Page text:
When a city experiences low recycling participation, the results end up being higher greenhouse gas emissions and pollution, and an increase in wasted materials. Although the city of Denver’s 26% …
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When a city experiences low recycling participation, the results end up being higher greenhouse gas emissions and pollution, and an increase in wasted materials.
Although the city of Denver’s 26% landfill diversion rate — which includes composting — is currently below the national average of 32%, there are still challenges pertaining to recycling in Denver.
These challenges include English-only messaging and a general lack of understanding how and what to recycle. Moreover, some Denver residents either do not have easy access to recycling or cannot afford to participate in recycling.
Still, Denver’s Sustainable Resource Management plan has set a 50% diversion rate goal for 2027, with an even loftier 70% goal set for 2032.
In order to reach these goals, something big has to change.
That’s where House Bill 22-1355 might be able to help.
House Bill 22-1355, also known as the Producer Responsibility Program For Recycling, has the potential to be a recycling game changer in Colorado, touting a win/win/win scenario for manufacturers, consumers and the environment.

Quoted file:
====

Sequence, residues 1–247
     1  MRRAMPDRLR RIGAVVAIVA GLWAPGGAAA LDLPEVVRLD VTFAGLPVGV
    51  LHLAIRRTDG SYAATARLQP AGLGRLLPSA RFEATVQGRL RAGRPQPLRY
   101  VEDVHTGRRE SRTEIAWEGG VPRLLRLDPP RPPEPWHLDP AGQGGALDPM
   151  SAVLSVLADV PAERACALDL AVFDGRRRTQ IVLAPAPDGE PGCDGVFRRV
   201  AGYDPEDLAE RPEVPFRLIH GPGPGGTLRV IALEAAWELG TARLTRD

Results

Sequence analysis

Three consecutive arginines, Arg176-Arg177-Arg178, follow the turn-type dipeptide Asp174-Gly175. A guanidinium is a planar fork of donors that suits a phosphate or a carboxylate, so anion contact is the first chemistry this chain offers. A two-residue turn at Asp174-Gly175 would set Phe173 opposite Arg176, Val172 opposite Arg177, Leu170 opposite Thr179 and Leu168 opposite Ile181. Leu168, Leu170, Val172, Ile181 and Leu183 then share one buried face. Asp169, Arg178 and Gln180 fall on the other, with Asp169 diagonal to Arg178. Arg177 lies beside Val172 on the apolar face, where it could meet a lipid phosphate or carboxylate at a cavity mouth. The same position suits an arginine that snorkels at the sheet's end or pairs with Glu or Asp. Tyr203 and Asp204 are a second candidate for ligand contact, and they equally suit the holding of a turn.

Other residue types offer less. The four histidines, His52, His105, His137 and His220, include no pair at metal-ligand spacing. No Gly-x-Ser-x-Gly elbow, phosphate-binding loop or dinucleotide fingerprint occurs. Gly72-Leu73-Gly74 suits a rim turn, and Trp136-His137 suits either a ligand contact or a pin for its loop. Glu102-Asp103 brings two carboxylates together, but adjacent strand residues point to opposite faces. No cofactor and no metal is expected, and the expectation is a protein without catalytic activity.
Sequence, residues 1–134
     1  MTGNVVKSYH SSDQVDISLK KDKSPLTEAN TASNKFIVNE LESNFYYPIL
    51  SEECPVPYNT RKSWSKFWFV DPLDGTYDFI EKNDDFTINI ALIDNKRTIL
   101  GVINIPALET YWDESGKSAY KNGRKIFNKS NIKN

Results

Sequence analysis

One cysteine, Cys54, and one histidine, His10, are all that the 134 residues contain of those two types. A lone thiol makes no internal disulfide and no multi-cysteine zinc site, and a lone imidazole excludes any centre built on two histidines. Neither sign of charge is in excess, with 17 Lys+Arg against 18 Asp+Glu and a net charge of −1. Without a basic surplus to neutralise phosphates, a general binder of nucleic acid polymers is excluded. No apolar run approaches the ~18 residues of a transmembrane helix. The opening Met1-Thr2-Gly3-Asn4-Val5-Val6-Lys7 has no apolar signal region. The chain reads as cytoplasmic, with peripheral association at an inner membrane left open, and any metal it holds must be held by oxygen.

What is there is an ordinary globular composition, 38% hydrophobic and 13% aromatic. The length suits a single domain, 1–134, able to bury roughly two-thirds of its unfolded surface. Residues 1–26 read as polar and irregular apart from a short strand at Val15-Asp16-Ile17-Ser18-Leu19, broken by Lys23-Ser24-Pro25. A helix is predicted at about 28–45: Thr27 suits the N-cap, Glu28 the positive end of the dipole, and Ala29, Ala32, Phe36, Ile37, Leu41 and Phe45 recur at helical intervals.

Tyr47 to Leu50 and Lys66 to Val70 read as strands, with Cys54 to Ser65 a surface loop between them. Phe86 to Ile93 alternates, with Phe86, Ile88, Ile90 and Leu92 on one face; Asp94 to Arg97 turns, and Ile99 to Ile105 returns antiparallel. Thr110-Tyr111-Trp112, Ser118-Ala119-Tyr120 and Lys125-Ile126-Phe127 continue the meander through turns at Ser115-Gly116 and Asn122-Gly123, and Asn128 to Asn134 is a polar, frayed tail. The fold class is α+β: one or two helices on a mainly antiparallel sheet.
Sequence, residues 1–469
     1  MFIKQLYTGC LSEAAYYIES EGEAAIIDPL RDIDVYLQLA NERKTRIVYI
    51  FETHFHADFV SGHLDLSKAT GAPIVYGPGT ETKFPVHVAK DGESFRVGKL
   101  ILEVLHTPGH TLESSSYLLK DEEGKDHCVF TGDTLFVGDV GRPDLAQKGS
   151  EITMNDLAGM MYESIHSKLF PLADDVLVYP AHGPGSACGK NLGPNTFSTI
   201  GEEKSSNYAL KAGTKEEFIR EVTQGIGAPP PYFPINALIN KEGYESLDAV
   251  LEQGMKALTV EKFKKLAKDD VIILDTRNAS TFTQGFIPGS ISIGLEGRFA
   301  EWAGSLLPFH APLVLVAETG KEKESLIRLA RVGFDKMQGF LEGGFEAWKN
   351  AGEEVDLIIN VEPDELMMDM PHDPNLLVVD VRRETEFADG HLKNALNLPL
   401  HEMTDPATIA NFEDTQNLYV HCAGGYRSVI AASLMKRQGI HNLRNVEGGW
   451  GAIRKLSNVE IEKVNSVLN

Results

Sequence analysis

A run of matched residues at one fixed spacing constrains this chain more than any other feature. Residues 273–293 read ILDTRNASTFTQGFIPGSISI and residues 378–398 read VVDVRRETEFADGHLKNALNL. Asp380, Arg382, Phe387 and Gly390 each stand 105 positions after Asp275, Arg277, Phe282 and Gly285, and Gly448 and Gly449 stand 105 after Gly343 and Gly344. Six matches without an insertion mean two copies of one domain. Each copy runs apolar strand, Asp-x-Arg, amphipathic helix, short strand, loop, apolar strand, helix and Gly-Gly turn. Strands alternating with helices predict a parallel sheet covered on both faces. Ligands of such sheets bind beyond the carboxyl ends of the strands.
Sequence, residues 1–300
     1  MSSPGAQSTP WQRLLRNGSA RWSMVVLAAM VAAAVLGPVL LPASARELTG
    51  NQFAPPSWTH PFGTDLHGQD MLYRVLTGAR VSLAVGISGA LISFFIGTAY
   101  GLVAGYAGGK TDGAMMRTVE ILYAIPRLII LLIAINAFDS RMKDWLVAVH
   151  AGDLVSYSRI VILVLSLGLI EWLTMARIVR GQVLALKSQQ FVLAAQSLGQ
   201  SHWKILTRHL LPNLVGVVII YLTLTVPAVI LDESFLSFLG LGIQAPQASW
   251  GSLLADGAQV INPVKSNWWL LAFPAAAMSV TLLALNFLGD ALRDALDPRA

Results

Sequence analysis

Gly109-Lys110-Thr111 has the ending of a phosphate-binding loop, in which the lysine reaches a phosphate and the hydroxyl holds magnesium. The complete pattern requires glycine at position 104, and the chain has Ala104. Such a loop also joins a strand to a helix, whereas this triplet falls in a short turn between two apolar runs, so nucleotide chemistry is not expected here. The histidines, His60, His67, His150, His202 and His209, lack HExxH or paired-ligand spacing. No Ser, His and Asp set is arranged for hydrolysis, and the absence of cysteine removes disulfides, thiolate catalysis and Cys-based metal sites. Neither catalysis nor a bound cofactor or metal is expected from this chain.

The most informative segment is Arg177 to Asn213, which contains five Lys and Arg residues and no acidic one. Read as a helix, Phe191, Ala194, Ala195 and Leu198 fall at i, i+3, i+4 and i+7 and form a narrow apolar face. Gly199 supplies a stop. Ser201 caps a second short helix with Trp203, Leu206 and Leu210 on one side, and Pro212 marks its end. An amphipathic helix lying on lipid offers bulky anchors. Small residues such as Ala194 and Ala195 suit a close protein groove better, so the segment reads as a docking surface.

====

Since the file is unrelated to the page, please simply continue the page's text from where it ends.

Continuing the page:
By requiring companies that sell printed paper, cardboard, metal, glass and plastic packaging to pay for a statewide recycling system, it has the potential to change manufacturer behavior to encourage a switch to more sustainable products.
“This bill is about those (that) create the most environmental harm bearing the most responsibility for reducing the harm,” said Denver City Councilmember Robin Kniech. “We need responsibility at the local level, and producers at the largest stream bearing their responsibility, too. We need both components to be successful.”
The bill was first introduced to the Colorado State Legislature on March 31. It passed on May 11 and Gov. Jared Polis signed it on June 3.
Once the bill is made into law, the Producer Responsibility Organization will be formed, consisting of and self-governed by Colorado manufacturers grossing $5 million or more, with an over-seeing advisory board and participation from the Colorado Department of Public Health and Environment.
The purpose of the PRO will be to hold higher-grossing manufacturers accountable for the amount of waste produced and sold in Colorado. Participating companies will be required to pay dues of varying prices, depending upon the type of material produced and how easy it is to recycle.